The Ministerial Conference on Environment and Health (MCEH) brings together representatives from the health and environment ministries of countries from across the WHO Europe region. On 5-7 July, at the 7th edition of the conference, they agreed to prioritise actions that address health challenges from the triple crisis of climate change, environmental pollution, and biodiversity loss.
“We know enough to act,” said Sophie Gepp, a newly graduated doctor representing the German Alliance on Climate Change and Health (KLUG). “The ambition, scale, and pace of action do not match the challenge that climate change poses for health, we therefore need unprecedented policy response”.
An estimated 1.4 million people across Europe die yearly from environmental risk factors - with air pollution being the leading cause of death. Last year Europe faced the hottest summer ever recorded - with over 20,000 people dying due to extreme heat. During the conference itself, the world recorded the hottest day ever.
To address these health challenges, WHO Europe’s MCEH convened health and environment ministry representatives to define the region’s future environment and health priorities and sign a declaration committing to them. One of those priorities, also reflected in the declaration, is an agreement to strengthen health sector engagement in climate action.
Healthcare climate action
The healthcare sector itself is responsible for 5% of net global greenhouse gas emissions. If the healthcare sector was a country, it would be the fifth-largest emitter on the planet. Without action, healthcare emissions could triple by 2050.
As the health impacts of climate change become clearer, there is a growing responsibility for the healthcare sector to show leadership on climate action by reducing its own emissions to net zero and adapting now so our health systems become more resilient.
During the conference, Nick Watts, Chief Sustainability Officer of NHS England, told delegates that “net-zero healthcare is no longer just a nice to have, but the inevitable future direction of medicine.”
The Budapest declaration, signed by the ministries, includes a commitment to make health systems and facilities climate resilient and environmentally sustainable. The parties agreed to decarbonise service delivery in alignment with the COP26 Health Programme and form a regional community of practice of European countries working towards low carbon and climate-resilient health systems.
Ireland, Austria, Belgium, The Netherlands, the UK, and Norway went a step further by signing the Environment and Health Process (EHP) Partnership for Health Sector Climate Action.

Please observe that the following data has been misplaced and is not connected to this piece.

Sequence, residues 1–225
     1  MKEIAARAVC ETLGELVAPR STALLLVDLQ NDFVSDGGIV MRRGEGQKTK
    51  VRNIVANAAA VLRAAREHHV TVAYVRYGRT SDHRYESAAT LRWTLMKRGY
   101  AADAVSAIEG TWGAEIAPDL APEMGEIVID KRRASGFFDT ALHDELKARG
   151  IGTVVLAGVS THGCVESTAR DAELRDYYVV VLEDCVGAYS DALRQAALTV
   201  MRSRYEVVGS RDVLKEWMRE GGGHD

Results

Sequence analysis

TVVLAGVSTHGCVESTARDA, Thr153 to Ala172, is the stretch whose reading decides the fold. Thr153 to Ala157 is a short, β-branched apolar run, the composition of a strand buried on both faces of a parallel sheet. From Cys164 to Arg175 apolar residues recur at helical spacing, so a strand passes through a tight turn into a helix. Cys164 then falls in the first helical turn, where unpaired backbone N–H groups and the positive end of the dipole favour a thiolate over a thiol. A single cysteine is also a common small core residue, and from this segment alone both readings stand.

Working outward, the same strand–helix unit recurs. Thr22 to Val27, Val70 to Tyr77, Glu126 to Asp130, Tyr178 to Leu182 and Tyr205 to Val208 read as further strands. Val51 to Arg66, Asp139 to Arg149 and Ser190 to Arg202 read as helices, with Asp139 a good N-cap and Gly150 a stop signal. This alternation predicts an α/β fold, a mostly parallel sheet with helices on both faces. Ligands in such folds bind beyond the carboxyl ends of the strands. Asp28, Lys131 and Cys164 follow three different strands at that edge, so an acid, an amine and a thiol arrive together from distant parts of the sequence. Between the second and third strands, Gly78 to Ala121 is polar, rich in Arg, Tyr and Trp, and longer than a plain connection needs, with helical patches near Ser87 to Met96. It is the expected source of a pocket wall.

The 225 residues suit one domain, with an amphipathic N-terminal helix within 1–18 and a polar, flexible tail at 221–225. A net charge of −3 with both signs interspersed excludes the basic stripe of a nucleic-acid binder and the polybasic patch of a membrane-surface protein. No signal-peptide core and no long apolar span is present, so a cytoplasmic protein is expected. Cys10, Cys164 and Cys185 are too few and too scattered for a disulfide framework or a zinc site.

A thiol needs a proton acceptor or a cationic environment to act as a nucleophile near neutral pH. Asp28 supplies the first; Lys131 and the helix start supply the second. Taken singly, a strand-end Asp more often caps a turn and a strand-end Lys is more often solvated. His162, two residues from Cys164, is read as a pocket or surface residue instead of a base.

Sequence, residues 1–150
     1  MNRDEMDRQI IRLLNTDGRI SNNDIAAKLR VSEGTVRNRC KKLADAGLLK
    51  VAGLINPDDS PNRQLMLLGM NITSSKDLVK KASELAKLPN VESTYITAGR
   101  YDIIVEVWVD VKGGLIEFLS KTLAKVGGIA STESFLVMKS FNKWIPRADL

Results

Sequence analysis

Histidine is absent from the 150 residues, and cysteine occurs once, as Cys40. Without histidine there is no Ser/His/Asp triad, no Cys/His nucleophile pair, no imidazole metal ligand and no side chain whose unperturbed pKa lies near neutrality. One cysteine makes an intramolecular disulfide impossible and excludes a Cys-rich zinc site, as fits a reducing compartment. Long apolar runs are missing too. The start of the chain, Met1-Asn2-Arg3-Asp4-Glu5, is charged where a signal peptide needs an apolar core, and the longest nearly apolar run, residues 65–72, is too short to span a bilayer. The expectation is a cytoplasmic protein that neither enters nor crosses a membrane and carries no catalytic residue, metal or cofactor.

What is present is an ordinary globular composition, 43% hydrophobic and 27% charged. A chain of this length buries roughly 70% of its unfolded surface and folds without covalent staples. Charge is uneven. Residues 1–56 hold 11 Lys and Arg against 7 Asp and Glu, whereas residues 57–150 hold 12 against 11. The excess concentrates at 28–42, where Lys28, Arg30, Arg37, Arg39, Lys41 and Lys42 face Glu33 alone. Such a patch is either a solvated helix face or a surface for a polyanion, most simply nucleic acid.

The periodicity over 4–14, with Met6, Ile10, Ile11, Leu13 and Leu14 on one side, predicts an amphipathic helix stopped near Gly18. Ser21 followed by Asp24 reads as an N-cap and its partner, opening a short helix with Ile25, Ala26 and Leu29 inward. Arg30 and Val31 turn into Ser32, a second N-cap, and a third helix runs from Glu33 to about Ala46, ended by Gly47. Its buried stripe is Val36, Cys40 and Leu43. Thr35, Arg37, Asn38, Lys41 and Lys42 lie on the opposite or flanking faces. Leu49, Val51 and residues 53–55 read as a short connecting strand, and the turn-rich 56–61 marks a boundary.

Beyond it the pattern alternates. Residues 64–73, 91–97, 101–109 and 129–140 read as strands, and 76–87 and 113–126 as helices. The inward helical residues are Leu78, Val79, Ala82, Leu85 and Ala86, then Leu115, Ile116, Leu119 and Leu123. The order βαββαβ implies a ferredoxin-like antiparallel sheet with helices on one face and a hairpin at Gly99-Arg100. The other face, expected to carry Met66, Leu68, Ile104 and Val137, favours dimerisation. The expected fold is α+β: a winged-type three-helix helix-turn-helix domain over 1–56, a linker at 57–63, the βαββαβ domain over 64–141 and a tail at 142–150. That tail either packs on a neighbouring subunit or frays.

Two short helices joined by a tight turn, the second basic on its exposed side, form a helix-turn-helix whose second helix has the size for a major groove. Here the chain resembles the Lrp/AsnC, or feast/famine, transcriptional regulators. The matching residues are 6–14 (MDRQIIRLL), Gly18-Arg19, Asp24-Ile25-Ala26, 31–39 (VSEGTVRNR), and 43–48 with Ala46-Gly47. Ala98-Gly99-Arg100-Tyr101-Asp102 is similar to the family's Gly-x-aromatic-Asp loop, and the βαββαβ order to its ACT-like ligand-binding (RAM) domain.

How to decarbonise the healthcare system
HCWH Europe provides tools and guidance for health systems and providers to achieve net zero. Among those tools is a methodology that any national or regional health authority can use to measure healthcare emissions and establish a decarbonisation roadmap.
Developed as a part of our groundbreaking Operation Zero project, this technical methodology is aimed at analysts working within national or regional health authorities but also includes guidance for policy officials. It was piloted by three national and regional health authorities, ensuring that it ultimately drives action among European health systems.
At MCEH, HCWH Europe held a parallel session for policymakers on Building a roadmap to zero emissions health systems. Organised in collaboration with our technical partner Arup, we demonstrated how the Operation Zero project can support Member States on the path to net zero emissions healthcare. The session provided crucial insight on the challenges and opportunities health authorities face to decarbonise their operations.
“Health Care Without Harm Europe has been leading the movement for sustainable healthcare in Europe for the past two decades, working directly with healthcare professionals and providers to promote sustainability within the healthcare sector and beyond. We’re delighted to see more governments committing to driving healthcare climate action; however, commitments need to be followed up by action. The work we are doing through projects such as Operation Zero are there to support system leaders in doing just that.”
- Will Clark, Executive Director - HCWH Europe.
We welcome the political commitments made at MCEH towards building a more sustainable future and healthcare sector and hope that the Budapest declaration will accelerate action across Europe.
As Hildegarde Naughton, Minister of State at the Department of Health in Ireland, put it: “Don’t be afraid to ask your health systems to be more ambitious.”
We would like to echo those words. Health systems, healthcare providers, and health professionals can play a vital role in ensuring that the health sector is sustainable and does not harm people or the planet. The healthcare sector can lead the transition to a more sustainable future.